It might be good to be able to report that the transition from alcohol use to temperance was without difficulty, and thus to advocate and encourage others to become temperance. However, my experiences were not all without cost.

I can speak only for my personal experience, but it seems that for young (and not-so-young) middle class white men in Britain, alcohol consumption is an essential component of social life; without it, much leisure activity, especially the less-organised, would falter. The pursuit of excess was part that bravado which pervaded the identity of young men, and probably still does, albeit for educed numbers. It seemed to be part of that identity, and the bonding that it lubricated, that a mark of social success was the ability to pursue excess and yet not succumb fully to it. Being able to hold one’s drink, while counting the amount that has been consumed, was important, almost as a rite of passage to maturity. Someone who succumbed, and became too drunk too quickly, would be accused, through amused calls of “can’t stand the pace”. Stories abounded of the capacities of legendary figures, how many pints of ale (usually) they could consume, with one fellow-drinker referring to “getting the pints down” almost as a ritual standard in “going for a bevvy”. Later in life, in my part of the middle class at any rate, the “pints” might be replaced by more discreet glasses or bottles of wine, and perhaps spirits.

I encountered the problem that to become abstemious was to become isolated from the bravado, the crude glamour, even the argot, of drinking, and what seemed so central to the lives of other young men became less interesting. The bonds forged through mutual inebriation, through common meanings associated with barely controlled excess, and around the spaces and times of consumption, became broken or limited. Much of social life is about performance (something I am seeking to consider, bizarrely, in relation to pleasure boating!), and performance under alcohol is quite different from that without alcohol; for me this involved a certain loss of social confidence, but also restored inhibition. No wonder that gent at my first sober party got annoyed, at what he saw as an excess in which he could not participate. Unfortunately, what can be screamingly funny or daring under alcohol may appear merely foolish when sober, while tales of drunken behaviour are unimpressive to the abstainer. The latter is not (always) censorious or disapproving; like a form of music, say, that you simply do not enjoy, it proves impossible to join in. It is, ironically, difficult to find new kinship with other teetotallers, because that feature is all which most of that very diverse group hold in common. For me, it seemed like the end of one form of social life, a loss of common purpose, bizarre though that might seem to be. Not that drinkers ostracised the sober in my experience; it was merely that, without the lubricant, the engine of social life tended to seize up. Alcohol consumption places you in another country if you cease to imbibe. The massive changes in pubs and licenced premises over the past decade have made these more welcoming for the teetotaller; there is now no problem in asking for tea or lemonade, whereas I recall the faint snickers from bar staff over 20 years ago.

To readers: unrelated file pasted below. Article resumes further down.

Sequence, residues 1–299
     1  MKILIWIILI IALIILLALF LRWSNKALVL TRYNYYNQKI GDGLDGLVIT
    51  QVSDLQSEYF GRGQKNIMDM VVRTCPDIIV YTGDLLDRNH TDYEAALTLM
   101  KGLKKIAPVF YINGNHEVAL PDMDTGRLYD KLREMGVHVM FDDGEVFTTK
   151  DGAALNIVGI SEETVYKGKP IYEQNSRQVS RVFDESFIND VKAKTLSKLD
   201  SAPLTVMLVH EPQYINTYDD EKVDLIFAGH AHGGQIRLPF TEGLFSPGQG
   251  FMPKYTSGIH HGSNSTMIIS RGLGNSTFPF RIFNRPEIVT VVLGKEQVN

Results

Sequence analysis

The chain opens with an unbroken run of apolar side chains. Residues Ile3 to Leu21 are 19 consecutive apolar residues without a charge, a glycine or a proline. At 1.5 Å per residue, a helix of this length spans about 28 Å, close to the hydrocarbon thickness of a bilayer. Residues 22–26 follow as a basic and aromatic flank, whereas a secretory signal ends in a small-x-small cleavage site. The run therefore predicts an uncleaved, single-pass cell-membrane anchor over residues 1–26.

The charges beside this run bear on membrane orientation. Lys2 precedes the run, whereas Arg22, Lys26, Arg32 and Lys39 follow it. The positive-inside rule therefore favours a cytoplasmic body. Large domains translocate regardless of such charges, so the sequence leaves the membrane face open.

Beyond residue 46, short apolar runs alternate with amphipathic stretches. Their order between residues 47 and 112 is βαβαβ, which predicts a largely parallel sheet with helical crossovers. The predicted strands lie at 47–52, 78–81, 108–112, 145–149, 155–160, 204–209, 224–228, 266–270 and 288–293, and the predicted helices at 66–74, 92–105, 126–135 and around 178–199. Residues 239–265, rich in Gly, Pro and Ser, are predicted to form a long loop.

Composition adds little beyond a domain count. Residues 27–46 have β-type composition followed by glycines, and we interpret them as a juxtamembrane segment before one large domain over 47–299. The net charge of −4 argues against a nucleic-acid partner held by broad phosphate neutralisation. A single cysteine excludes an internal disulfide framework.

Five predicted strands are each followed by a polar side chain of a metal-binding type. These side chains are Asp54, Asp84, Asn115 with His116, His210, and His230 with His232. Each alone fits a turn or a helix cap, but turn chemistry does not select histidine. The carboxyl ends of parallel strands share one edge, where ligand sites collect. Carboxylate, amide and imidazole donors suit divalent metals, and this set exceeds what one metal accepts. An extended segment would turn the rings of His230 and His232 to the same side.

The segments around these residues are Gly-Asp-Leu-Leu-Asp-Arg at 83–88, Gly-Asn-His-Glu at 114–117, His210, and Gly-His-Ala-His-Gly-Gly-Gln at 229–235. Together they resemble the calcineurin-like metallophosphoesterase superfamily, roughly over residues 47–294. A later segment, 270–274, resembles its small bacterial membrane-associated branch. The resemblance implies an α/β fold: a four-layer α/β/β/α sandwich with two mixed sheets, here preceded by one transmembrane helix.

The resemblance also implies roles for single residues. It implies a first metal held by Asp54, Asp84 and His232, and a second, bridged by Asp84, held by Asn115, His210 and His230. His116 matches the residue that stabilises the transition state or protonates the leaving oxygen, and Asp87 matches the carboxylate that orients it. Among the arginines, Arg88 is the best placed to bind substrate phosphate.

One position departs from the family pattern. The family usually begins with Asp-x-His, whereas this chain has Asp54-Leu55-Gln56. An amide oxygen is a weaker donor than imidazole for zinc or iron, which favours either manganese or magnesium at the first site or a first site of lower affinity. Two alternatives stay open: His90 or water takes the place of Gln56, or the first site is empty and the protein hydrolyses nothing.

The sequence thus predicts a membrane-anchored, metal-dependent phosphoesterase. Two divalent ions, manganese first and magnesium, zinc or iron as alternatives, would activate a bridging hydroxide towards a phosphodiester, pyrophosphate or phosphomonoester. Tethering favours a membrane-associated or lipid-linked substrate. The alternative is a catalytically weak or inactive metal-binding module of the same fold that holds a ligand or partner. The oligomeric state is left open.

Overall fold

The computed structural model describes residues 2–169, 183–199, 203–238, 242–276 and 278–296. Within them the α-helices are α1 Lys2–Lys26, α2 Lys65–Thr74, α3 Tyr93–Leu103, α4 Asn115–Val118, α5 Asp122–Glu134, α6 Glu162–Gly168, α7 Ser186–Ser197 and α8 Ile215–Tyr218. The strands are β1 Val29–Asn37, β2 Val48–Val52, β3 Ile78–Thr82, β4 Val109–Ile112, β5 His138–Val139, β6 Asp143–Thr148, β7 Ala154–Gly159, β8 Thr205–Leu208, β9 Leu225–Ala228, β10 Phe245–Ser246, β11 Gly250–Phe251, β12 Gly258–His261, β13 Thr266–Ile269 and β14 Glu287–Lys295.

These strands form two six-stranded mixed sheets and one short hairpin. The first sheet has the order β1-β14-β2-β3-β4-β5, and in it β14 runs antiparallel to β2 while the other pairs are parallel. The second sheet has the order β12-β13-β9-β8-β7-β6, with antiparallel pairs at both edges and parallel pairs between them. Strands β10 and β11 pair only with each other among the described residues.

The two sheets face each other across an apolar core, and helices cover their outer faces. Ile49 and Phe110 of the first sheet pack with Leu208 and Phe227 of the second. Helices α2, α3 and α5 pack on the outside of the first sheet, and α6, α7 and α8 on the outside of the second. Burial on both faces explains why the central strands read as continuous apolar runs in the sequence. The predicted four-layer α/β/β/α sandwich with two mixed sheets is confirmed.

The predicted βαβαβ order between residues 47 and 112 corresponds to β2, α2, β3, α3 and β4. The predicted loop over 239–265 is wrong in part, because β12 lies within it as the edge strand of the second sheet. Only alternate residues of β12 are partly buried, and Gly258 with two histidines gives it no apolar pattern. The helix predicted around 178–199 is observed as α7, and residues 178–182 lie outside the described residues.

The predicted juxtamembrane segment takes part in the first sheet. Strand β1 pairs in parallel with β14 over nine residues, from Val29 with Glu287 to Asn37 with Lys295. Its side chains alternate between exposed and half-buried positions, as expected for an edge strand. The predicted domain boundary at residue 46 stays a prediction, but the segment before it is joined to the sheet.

To this change of status can be added the loss of alcohol’s capacity to anaesthetise, to enable a temporary but welcome escape from everyday reality. Thirty years ago, this seemed a major allure, and a reason while solitary consumption could provide much satisfaction. Alcohol has the ability to heighten mood, so that if one is unhappy but seeks to feel happier, it will increase the feeling of happiness; if happiness is not sought, or if one is angry, it can drive despair into further depths or allow mild anger to become uncontrollable rage. If one seeks to escape…it helps to simplify the world, so that the obtaining of the next drink, or some form of excitement, or even the precise route home, takes precedence over the need to think about one’s present position. To remove that ability to escape, to have to attempt to replace this by dedication to single-minded tasks (like writing!), proved an unexpected consequence for me. We live disappointing lives in an indifferent world, and alcohol consumption can coat that truth with the illusion that more is attainable. When people are unhappy, they may seek to “drown their sorrows”, and when they have something to celebrate, they usually seek to heighten the euphoria before, as will happens, its inevitable fall. Alcohol’s promise is that of many drugs, of escape, private or public.

If this was an essay seeking to promote temperance, it would have to be deemed a failure. My experience suggests that to adopt temperance could mean the need to limit one’s social life, to become isolated, and to be unable to escape. Oddly, without any intention on my part, this comes close to the religious motives prompting temperance. These advocate self-control and self-discipline, avoiding excess, as virtues in their own right, albeit ones associated with worship and obedience. This resonates with my experience over the last 30 years, feeling a sense of unsought asceticism, one that can prove difficult to sustain.

I prefer to consider the political reasons for temperance, both in reducing misery and improving welfare, and removing diversions from the pursuit of a more tolerable world. The temperance component of the British labour movement had declined in the 1920s, once it was clear that alcohol consumption was only one of many social problems, although it exacerbated existing problems of poverty and deprivation and severely damaged health. In a better organised world, with poverty and want ended, the stress and fear of living reduced, it would be possible that the part played by alcohol would simply fade to insignificance. The need to escape an intolerable world might be limited (or replaced by better forms of diversion), while the status associated with consumption, might well have diminished. For that reason, although I am personally temperance, I would be cautious to advocate personal abstinence, although I would support anyone who moved in this direction. As the US found in the 1930s, Prohibition would be disastrous, but moves to develop alternative spaces and activities to those dominated by alcohol would be welcome. The reduction of alcohol is no panacea for other social ills, but its reduction might provide some progress, or be the consequence of progress.